Read Part 1 here.
It took a village – an international one – to develop our U.S. soccer player.
Our family traveled all over the Mid-Atlantic United States and figuratively speaking - all over the world – in search of “good soccer” for our son.
American Soccer, your curriculum, whatever and wherever it is, failed my son.
My Proof: “The Egg Drill”
It was the lack of one skill that made us realize our son’s soccer development had been – in some respects - woefully inadequate. Our 11-year old son – almost four years in the American youth soccer system - couldn’t absorb a soccer ball. If you didn’t gasp after reading that last sentence, you should. As parents of a young soccer player, we had no idea that absorbing a soccer ball was so important. I imagine that many parents don’t know that it’s important and my son was living proof that many U.S. coaches and trainers don’t know it’s important either, so I’ll take a moment to explain.
Soccer “nutty” parents, this is for you. If you – like me – have enjoyed curling up on the couch with your kids watching Fox Soccer and Gol TV on a Saturday morning, you know that absorbing – or receiving - a soccer ball is the most basic tenet of the beautiful game. I only learned how important it was when after four years and countless training sessions, ‘elite’ camps, ODP and player development programs my son was finally told – by a former Greek National Team player now youth coach - that he could never play this game unless he could properly absorb a soccer ball.
According to him, it is a virus that plagues the feet of practically every American kid in the American youth soccer community. At our first meeting, when he was trialing our son for his team, he pointed to a youth team training at the same park to prove it to us. My husband and I watched practically every pass ‘bounce’ off the receiving player’s foot. Passes bounced out of bounds, into their faces, back into the feet of another player. We’d never noticed it before. Seriously, next time you’re at practice or a game – watch for it. It’s an epidemic!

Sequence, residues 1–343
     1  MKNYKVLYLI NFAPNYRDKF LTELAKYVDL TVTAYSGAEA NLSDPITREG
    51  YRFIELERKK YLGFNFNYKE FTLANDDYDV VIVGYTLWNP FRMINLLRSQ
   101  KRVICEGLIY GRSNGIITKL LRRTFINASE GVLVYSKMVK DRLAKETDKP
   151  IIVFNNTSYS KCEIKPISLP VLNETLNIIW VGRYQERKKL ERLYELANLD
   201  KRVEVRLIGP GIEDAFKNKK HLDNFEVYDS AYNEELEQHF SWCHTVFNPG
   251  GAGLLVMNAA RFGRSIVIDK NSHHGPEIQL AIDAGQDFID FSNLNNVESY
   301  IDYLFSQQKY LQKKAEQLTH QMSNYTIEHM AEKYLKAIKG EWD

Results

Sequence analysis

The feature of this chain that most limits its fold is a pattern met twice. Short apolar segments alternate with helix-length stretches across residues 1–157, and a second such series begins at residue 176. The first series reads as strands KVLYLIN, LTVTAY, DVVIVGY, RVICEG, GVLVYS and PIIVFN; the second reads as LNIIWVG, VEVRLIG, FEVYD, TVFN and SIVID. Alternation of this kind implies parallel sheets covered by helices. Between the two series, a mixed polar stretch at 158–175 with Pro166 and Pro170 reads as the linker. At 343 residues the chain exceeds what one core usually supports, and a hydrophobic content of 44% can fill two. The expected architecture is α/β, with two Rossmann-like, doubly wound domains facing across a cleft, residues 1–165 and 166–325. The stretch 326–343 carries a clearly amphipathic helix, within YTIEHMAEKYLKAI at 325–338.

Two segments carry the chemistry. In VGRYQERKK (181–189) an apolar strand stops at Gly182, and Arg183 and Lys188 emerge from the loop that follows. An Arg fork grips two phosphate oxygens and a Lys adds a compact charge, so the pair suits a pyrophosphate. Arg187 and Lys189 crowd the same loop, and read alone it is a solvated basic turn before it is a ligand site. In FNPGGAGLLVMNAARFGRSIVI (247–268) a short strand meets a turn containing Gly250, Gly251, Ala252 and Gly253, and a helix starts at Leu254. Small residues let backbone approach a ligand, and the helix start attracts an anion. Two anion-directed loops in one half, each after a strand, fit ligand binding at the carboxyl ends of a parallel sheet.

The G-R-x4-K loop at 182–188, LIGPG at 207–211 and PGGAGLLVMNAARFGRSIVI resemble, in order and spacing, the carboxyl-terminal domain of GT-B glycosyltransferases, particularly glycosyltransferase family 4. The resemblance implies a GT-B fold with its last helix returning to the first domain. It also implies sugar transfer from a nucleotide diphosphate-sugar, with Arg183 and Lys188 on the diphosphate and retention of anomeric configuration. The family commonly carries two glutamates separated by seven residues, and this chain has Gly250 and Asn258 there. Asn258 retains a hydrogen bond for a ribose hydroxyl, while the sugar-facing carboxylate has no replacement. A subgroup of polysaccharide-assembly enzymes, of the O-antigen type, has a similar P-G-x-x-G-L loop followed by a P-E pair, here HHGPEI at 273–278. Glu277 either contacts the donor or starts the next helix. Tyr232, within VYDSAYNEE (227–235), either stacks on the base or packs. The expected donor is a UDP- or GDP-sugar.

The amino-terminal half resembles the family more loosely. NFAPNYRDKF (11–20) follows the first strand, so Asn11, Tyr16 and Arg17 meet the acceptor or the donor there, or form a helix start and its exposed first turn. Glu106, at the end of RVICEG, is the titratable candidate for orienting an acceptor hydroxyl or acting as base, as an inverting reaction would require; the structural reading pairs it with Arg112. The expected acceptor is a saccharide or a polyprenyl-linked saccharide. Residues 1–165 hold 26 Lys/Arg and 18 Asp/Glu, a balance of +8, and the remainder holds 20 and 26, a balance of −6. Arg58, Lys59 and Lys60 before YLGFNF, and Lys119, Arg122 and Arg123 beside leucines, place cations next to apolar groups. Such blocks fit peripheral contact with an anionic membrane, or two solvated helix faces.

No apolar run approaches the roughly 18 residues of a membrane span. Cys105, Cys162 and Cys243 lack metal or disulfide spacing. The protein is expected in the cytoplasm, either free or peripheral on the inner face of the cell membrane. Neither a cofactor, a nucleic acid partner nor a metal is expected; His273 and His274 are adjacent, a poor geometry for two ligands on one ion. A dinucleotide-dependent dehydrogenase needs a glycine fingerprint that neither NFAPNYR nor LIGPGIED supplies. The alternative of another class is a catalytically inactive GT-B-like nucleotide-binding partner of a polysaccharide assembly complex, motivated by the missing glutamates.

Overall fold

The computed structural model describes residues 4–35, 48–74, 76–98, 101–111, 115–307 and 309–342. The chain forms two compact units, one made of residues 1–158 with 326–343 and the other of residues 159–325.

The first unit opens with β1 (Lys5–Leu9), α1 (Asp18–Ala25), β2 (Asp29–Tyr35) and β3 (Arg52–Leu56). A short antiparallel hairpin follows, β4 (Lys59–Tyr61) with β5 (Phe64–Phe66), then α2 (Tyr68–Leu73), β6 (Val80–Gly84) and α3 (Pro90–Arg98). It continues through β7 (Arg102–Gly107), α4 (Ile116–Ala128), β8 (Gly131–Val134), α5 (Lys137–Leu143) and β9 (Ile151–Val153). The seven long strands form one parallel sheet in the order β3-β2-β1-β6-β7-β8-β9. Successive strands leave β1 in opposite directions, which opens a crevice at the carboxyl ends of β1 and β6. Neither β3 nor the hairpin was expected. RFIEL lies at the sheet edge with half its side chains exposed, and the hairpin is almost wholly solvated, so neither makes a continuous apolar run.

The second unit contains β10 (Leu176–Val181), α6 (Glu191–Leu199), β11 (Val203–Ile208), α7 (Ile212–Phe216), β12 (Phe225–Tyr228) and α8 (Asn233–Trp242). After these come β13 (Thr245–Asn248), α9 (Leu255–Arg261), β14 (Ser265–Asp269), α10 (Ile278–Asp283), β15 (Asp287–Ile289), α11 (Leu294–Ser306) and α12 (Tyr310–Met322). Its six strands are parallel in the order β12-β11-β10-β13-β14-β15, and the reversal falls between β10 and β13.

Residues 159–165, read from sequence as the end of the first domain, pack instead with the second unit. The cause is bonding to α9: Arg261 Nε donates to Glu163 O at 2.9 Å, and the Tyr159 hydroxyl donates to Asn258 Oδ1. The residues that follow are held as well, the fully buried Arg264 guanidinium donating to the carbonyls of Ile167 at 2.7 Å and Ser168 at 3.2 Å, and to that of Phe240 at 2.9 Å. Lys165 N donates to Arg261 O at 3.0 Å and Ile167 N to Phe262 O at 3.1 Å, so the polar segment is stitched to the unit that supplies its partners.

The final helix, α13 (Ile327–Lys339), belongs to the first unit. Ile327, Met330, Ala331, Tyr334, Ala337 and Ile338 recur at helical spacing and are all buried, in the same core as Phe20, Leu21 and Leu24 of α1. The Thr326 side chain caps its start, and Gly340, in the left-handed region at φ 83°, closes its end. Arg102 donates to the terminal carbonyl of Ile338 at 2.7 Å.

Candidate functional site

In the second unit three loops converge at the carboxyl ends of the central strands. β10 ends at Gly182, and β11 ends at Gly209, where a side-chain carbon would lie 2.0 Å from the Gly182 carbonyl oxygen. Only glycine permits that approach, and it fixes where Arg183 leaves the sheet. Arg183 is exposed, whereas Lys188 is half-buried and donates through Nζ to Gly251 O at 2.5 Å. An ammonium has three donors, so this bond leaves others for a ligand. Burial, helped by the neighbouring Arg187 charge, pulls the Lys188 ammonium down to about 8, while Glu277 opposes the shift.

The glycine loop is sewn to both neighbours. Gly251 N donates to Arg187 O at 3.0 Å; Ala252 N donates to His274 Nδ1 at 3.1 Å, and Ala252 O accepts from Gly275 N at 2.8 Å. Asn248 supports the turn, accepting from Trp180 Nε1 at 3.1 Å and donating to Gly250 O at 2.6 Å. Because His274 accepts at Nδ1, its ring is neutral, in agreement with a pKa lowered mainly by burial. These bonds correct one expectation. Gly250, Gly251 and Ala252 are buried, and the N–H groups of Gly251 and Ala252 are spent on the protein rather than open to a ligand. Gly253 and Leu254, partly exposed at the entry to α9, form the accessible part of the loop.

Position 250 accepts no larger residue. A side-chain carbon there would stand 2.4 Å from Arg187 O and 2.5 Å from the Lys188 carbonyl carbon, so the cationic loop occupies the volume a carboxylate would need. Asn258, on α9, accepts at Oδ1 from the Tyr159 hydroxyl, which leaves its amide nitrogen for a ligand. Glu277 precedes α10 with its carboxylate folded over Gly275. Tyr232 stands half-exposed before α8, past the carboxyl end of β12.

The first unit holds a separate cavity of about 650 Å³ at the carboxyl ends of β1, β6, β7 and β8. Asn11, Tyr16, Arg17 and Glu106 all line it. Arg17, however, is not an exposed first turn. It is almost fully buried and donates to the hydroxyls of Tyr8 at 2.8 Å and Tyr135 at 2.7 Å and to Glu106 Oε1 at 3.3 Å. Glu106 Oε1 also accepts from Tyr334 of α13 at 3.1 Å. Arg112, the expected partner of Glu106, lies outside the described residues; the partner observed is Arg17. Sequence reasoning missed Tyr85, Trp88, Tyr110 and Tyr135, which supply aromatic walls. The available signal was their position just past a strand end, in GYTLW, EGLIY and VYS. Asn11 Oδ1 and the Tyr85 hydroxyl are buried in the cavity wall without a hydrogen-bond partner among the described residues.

Absorbing a soccer ball with both feet consistently isn’t easy, it requires years of practice, and mastering it requires the most un-fun drill known to soccer mankind which is probably why we American’s are so terrible at it. We only do the fun things at our youth practices like soccer tennis and World Cup scrimmages and shooting drills. Well, this loud, imposing coach did none of those things at his practices and his players loved him and were wildly successful, go figure. He taught Zack how to practice absorbing a ball via this painfully repetitive drill we lovingly coined “The Egg Drill”. “The Egg Drill” – a drill apparently mastered by all Greek boys at birth or so we were told - requires you to bounce a ball off a wall, with the inside of each foot, 100 times, three times a day until your foot stops the soccer ball so gently it’s as if your foot was catching – and not breaking - an egg. The kicker here was that this coach told our son that he wouldn’t put him on the field until he perfected this skill. For the first time, a coach dared to ignore our son’s superior athletic ability, his goals scored, tournament wins, and ODP National Pool pedigree. This coach didn’t give a rat’s tuckus about any of that, he simply assessed our son’s skills and told him take his ball, go home and ‘do this’ to get better. We learned two things from that day. First, our so called soccer phenom had not even mastered the simplest of soccer skills. Second, we learned that one boringly repetitive drill provided our son with his first truly useful skill in four years of playing. That drill and his equally repetitive and boring “Little Touches Drill” are drills our 17 year old son still practices today. This experience, for us, was just the beginning of OUR new way of thinking. These coaches we sought out weren’t running the ODP cattle calls, the big College camps, the Academy’s or the super clubs. Maybe part of the problem is that these coaches are out there ‘doing their own thing’. I agree, we do need standardization to ensure consistent development of our youth players, but we found that more often than not, these ‘renegades’ were doing the ‘right things’ and the proof was on the practice and game fields. I would hope U.S. Soccer would reach out to many of these small club coaches and bring them to the table. As a parent, I’d like their opinions and ideas on a player development curriculum for our children to be considered.